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  • 19

    The Christmas Uprising of 1648
    History; Posted on: 2008-12-25 11:38:52 [ Printer friendly / Instant flyer ]

    Lest anyone underestimate the power of holidays as cultural and political symbols, consider the events in England in 1647 and 1648. The same joyless beast of political correctness that now attempts to undermine Easter, Christmas and other traditional European festivals reared its ugly head then, and was met with an uprising of armed yeomen in defense of their values.

    Civil disturbances first broke out in London and Canterbury during December 1647 over Parliament's attempt to suppress traditional Christmas celebrations*. In London the lord mayor personally intervened to calm the situation, but at Canterbury the mayor was driven out of the city, along with several magistrates and clergymen. The Kent county committee was obliged to mobilise the Trained Bands to restore order. Extensive rioting broke out during April 1648 in several places around the country, including London, Norwich and Bury St Edmunds, with rioters demanding the return of King Charles to full power. In combination with the Royalist uprising in south Wales, the Engager threat from Scotland and a revolt in the navy, the situation was growing increasingly dangerous for Parliament.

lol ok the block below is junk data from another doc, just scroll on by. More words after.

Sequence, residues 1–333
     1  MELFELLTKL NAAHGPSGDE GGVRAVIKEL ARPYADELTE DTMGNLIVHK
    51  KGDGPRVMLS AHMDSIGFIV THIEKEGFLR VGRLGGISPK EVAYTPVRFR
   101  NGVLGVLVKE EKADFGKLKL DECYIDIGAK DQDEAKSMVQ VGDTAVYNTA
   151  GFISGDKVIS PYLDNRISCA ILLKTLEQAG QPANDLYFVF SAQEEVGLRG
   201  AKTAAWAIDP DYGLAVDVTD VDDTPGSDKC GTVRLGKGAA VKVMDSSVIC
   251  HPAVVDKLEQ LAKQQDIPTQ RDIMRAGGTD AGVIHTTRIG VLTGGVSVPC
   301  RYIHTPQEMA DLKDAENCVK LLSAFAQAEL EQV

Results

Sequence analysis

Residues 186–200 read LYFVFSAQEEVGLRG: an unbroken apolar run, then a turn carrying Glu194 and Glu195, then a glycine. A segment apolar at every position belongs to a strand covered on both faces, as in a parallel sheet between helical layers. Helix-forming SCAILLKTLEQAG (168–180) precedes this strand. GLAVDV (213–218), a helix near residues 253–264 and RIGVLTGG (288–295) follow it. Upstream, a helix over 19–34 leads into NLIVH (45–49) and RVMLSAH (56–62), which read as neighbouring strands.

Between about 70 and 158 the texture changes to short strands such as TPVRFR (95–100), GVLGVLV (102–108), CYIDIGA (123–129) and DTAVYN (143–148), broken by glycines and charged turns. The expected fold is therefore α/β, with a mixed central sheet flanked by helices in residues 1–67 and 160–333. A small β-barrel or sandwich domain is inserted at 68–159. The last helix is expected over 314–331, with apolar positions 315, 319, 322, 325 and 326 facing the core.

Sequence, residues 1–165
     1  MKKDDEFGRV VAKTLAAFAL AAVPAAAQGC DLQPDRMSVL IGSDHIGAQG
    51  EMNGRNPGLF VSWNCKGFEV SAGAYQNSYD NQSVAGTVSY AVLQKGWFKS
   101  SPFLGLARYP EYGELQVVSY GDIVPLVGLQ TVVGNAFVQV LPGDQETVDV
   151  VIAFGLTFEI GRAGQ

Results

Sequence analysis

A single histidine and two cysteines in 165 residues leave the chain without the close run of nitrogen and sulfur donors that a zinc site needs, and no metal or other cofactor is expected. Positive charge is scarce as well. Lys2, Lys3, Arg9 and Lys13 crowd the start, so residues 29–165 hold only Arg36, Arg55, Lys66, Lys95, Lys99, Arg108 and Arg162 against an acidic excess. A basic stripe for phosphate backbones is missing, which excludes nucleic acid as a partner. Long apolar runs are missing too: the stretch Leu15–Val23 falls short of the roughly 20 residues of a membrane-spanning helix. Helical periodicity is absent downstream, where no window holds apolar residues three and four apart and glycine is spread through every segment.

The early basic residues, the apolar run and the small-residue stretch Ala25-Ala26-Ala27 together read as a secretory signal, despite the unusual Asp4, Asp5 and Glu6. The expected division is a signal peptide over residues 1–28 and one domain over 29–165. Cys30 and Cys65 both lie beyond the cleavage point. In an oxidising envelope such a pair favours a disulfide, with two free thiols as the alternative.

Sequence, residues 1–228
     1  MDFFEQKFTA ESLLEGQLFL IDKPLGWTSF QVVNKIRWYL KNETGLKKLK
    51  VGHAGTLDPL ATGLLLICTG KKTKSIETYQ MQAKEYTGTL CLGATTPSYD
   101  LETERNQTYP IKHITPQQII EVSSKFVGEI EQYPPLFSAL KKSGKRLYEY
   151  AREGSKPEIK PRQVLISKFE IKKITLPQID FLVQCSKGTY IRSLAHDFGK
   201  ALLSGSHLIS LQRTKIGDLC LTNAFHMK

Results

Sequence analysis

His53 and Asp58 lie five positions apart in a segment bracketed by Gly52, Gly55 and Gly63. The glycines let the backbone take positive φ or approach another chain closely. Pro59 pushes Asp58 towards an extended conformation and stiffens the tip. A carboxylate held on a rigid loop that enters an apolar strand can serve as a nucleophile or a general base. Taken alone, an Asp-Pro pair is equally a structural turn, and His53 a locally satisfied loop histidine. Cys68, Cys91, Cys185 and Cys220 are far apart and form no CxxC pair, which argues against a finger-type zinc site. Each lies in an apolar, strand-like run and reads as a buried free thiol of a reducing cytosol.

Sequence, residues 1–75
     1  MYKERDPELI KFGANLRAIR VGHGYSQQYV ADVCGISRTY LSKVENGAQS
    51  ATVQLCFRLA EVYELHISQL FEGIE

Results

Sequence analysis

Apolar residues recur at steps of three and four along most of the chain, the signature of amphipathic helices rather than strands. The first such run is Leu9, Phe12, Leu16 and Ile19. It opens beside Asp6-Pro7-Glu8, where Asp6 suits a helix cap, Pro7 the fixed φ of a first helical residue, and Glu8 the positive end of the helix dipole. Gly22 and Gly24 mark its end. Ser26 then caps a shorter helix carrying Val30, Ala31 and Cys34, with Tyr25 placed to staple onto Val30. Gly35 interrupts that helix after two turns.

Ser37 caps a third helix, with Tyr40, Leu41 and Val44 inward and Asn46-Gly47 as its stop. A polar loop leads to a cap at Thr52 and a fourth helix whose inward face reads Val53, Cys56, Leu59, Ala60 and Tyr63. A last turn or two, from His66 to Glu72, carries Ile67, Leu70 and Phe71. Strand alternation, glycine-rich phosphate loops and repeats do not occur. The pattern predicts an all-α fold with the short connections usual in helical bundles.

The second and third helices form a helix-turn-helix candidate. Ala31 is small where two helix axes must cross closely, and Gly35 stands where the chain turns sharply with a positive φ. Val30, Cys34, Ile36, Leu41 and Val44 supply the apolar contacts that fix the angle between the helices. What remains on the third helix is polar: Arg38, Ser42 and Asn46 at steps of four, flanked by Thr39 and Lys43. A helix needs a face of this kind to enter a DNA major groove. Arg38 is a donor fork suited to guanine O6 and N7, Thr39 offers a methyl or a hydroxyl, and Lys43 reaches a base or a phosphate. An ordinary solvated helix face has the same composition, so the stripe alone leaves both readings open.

A Royalist rebellion broke out in Kent after the county committee at Canterbury had attempted to suppress a petition calling for the return of the King and the disbandment of the New Model Army. Canterbury, Rochester, Sittingbourne, Faversham and Sandwich were seized by Royalist insurgents on 21 May 1648. The following day, at a meeting in Rochester attended by many of the local gentry, an armed gathering of Kent Royalists was scheduled to be held at Blackheath on 30 May in support of the petition. On 26 May, Dartford and Deptford were seized by insurgents. A naval revolt broke out on 27 May when ships of the Parliamentarian fleet declared for the King. Threatened from the sea, the three artillery forts that guarded the anchorage of the Downs Deal, Sandown and Walmer surrendered to the Royalists and Dover castle was besieged.

    Lord-General Fairfax had been preparing to march north against the threat of invasion from Scotland. With rebellion so close to London and the danger that the Kent insurgents would be joined by Royalists from Essex and Surrey, Parliament ordered Fairfax to deal with the immediate threat. On 27 May, Fairfax mustered his troops on Hounslow Heath. Colonel Barkstead secured Southwark to the south of London, while the Trained Bands under Major-General Skippon were mobilised to defend the city itself. By 30 May, Fairfax had advanced to Blackheath. On rumours of his approach, the Royalists at Deptford and Dartford dispersed. Leaving a detachment at Croydon to act as a rearguard against any threat from Surrey, Fairfax bypassed the insurgents' stronghold of Rochester and marched for Maidstone where an army of Kent Royalists was assembling on Penenden Heath.

    Full article